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Traipsing Through Silent Hill
Artwork Graciously Provided by the Incredibe Steven Luna

Part Nine, or Analyzing Doll Puzzles

  Welcome back to the world of survival horror! Welcome back to Traipsing Through Silent Hill! I remain your lovable yet surprisingly profane host, Jonathan Charles Bruce. You remain you, my stalwart and strikingly beautiful partners in crime. When last we left our redoubtable everyman companion Travis, he was exploring an asylum of most dubious quality while possibly uncovering elements of his tragic childhood™. Shall he succeed in his quest to end the tomfoolery of the dastardly Dr. Kaufmann and his cronies? Or shall he fall in the mirror world, body and soul lost to the darkness?

  Well, we’ll need to be in the mirror world to directly answer that last part, so I guess it’s time to go and do that. So that means we drag ourselves back to the patient belongings room and do the mirror-touch-tango. Before committing myself to my journey, though, I stumble upon some interesting flavor text. Travis looks at a bunch of stuff on a shelf and says “Nothing for me here.” Travis, you have been stealing random shit since you got to town—literally nothing here is for you, and it hasn’t stopped you yet.

  D’aww, I can’t stay mad at you. Head on through the mirror, you little scamp.

  Number of trips through the mirror: Three.

  Leaving the mirror world’s patient belongings room, Travis runs across a double-barreled shotgun on the door. As in, it’s placed right in my path. Just like the pistol wasn’t. See, this is an example of good design—forcing the player to take a ranged weapon to go through a door may seem inorganic, but it guarantees that after that point, the player will have it. Sure, having it attached to a puzzle for a key item would have probably fit in more with the whole Silent Hill shtick, but whatever. The point is that the Ashley Williams Special is now in our inventory, and will be our desperate go-to weapon for a good while.

  Also, I’m kind of surprised this wasn’t found in the real world asylum, what with the fact that Clem is a horrible monster who probably keeps trophies of his victims.

  Anyway, the mirror world asylum eventually leads me to the first floor laundry room, which was inaccessible in the real world. Here, Travis stumbles on a police report detailing the continuing adventures of Mrs. ____, who attempted to kill herself and her child but failed. I’m assuming that this is what brought the mysterious madam into the asylum, but why the hell would the police report be here of all places? Also, if our general suspicion is correct and the woman in question is Travis’s mother, her demands to see him are definitely on the murder-y side.

  “General suspicion”. Psh. Is there anyone at this point who thinks that the mystery woman in these notes or the Helen we heard earlier isn’t Travis’s mom? This is clearly not referring to the muttering woman we met before, as she has her own charred daughter drama to deal with. So the only two options are that this woman is somehow related to Travis or is just some random person we happen to be Hardy Boy-ing for. This foreshadowing is clumsy to the point of uselessness—because it’s so heavy handed, when we inevitably get to the revelation that this is Travis’s mother (we assume, anyway), there will be no shock, no panicked thinking back to all the clues. Instead we’ll be left with “Oh. Neat, I guess.”

  Anyway, the big point about this entire trip is to finally get access to the key that I found back in episode seven. All of this so I could unlock one door. One door. And which door is it? The archives! So this bullshit that has gone on for what seems like eternity doesn’t even end with the main goal of breaking into Dr. Harris’s office, but rather just getting to the archives, where I will probably then find the key that I need, all to get a big fancy key that I need to get at the boss monster.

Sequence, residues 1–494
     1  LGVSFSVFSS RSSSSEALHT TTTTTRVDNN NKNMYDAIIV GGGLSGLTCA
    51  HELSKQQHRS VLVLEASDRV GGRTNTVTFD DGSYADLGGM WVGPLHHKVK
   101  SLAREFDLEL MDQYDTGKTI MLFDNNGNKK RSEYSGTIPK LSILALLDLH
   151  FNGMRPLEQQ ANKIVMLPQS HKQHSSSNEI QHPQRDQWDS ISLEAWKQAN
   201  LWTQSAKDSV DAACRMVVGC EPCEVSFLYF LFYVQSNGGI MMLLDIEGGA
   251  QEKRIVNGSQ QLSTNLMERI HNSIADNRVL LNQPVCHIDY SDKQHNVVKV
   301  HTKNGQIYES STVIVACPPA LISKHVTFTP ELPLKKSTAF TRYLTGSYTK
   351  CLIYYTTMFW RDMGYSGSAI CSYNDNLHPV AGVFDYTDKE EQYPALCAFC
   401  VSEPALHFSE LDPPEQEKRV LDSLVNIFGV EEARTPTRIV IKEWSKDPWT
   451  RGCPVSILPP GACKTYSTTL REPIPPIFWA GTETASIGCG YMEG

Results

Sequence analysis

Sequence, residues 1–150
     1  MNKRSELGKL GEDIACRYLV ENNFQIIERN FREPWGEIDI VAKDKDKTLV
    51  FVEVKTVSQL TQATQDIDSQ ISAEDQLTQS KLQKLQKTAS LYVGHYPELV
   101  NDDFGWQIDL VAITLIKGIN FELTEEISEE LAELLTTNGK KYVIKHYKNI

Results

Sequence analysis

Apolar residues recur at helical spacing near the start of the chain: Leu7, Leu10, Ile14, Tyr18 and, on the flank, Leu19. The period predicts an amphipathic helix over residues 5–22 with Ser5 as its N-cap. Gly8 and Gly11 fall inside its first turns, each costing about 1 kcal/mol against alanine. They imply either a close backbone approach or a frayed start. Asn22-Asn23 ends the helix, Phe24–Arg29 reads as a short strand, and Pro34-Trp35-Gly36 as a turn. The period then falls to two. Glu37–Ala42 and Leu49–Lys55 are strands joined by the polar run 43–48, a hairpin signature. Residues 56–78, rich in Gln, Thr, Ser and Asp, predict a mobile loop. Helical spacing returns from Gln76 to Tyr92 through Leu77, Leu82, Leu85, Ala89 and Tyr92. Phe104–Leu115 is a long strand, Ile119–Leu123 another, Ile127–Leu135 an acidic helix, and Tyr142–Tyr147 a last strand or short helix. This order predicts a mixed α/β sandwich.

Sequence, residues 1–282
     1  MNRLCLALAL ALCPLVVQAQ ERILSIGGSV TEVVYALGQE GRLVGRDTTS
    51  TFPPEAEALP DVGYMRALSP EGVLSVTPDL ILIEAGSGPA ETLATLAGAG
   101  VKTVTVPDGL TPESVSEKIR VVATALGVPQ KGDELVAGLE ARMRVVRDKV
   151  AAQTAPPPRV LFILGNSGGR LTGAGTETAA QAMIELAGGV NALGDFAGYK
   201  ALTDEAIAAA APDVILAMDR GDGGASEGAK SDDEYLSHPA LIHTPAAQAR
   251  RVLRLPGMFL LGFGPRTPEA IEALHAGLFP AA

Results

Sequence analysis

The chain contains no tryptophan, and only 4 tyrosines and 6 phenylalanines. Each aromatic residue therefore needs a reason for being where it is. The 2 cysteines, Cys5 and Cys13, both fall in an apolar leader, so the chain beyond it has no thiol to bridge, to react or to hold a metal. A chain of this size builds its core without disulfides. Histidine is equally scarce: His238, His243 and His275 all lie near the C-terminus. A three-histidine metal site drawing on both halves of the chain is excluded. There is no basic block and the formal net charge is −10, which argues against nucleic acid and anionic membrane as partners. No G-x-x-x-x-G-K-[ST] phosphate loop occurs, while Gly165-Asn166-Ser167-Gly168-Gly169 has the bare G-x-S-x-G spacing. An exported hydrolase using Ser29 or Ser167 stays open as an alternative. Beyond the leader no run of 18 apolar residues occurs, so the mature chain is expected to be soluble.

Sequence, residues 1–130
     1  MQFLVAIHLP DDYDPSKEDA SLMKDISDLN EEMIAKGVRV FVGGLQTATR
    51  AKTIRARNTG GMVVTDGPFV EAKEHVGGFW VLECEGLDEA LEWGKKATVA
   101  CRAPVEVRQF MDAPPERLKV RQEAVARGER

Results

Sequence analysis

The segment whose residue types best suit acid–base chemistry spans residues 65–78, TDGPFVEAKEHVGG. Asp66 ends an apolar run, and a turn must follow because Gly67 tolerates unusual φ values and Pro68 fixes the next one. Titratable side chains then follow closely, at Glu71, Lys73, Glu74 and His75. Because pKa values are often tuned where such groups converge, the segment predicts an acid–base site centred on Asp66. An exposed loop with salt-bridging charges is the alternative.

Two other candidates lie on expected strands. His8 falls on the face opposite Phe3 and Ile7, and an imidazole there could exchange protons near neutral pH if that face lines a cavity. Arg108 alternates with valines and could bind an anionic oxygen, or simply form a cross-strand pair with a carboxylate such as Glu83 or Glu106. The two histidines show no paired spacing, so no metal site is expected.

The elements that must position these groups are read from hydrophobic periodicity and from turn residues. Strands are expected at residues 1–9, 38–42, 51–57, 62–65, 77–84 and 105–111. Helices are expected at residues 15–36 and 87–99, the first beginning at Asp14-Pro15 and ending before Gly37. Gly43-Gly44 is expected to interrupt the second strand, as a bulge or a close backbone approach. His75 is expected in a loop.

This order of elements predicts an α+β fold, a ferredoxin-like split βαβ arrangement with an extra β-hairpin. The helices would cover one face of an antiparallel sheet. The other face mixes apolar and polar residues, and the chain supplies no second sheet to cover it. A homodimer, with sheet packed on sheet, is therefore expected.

This brings up another kind of major issue: at no point before this are we fed information that the things that exist in the real world have mirror world implications and vice versa. Both reality and nightmare have some commonalities, but they are almost always limited to floor plan. Item placement, monsters, and even notes will exist in one and not the other. This is the first instance where an item that we’ve seen and interacted with in one reality has a direct analog in the mirror world, and that’s bullshit. There needed to be something, somewhere, not key-item related, that showed a more intimate connection between the two worlds.

  This is especially important because at this very moment, which items actually exist in both worlds simultaneously seems arbitrary and stupid. And you don’t want the word “arbitrary” to be associated with anything in your game.

  But key! To the archives! This means a quick jaunt down the basement tunnels to get into a storeroom with a mirror in it. In a moment, I’m back in the “proper” asylum’s basement store room, which appears to only have two purposes: holding files and a mirror. So hurray for maximizing your workspace, people. Well done. Number of trips through the mirror: Four.

  On my way to the archives, I realize what the taffymen are supposed to be—people in straitjackets. I can see how they would fit in with the Sanitarium level, but why the hell was one the boss in Alchemilla? And why were they running around the streets of Silent Hill? That doesn’t make a whole lot of sense. And the girdle ghosts are much more effective monsters, overall—they’re hard to see, take a metric fuckton of abuse before dying, and hit like a truck. Even the roadkills are hardy jerks, wrecking your day with body slams that do ridiculous amounts of damage.

  I guess, in short, fuck you, taffymen.

  Once in the archives, I’m given another not-quite-a-cutscene in amazing blue-filter, wherein I hear Dr. Harris talking to Helen. It turns out the mirror people told her to kill her son and—being that the order came from mirror people—she felt she should do so. She also says she can walk through the mirror at any time to escape this “day dream world”. I guess implication of this scene and one of the previous notes is that the ability to slip between dimensions is genetic. Either that, or maybe that joke about Travis having syphilis I made a while ago has stronger basis than I thought.

  There’s also shotgun ammo in here and a free television that apparently no one is going to be coming back for, unlike that super precious moldy doll Travis found earlier. Travis, you could have just said you didn’t want to touch it because it was gross or creepy. I would have been okay with that. You can be honest with me, buddy. I’m here for you.

  And guess what else is in this locked room? If you guessed “another cocking mirror”, you have figured out the developer’s entire design document when it came to the Sanitarium level! So we step through the mirror for fun and profit. Number of trips through the mirror: Five.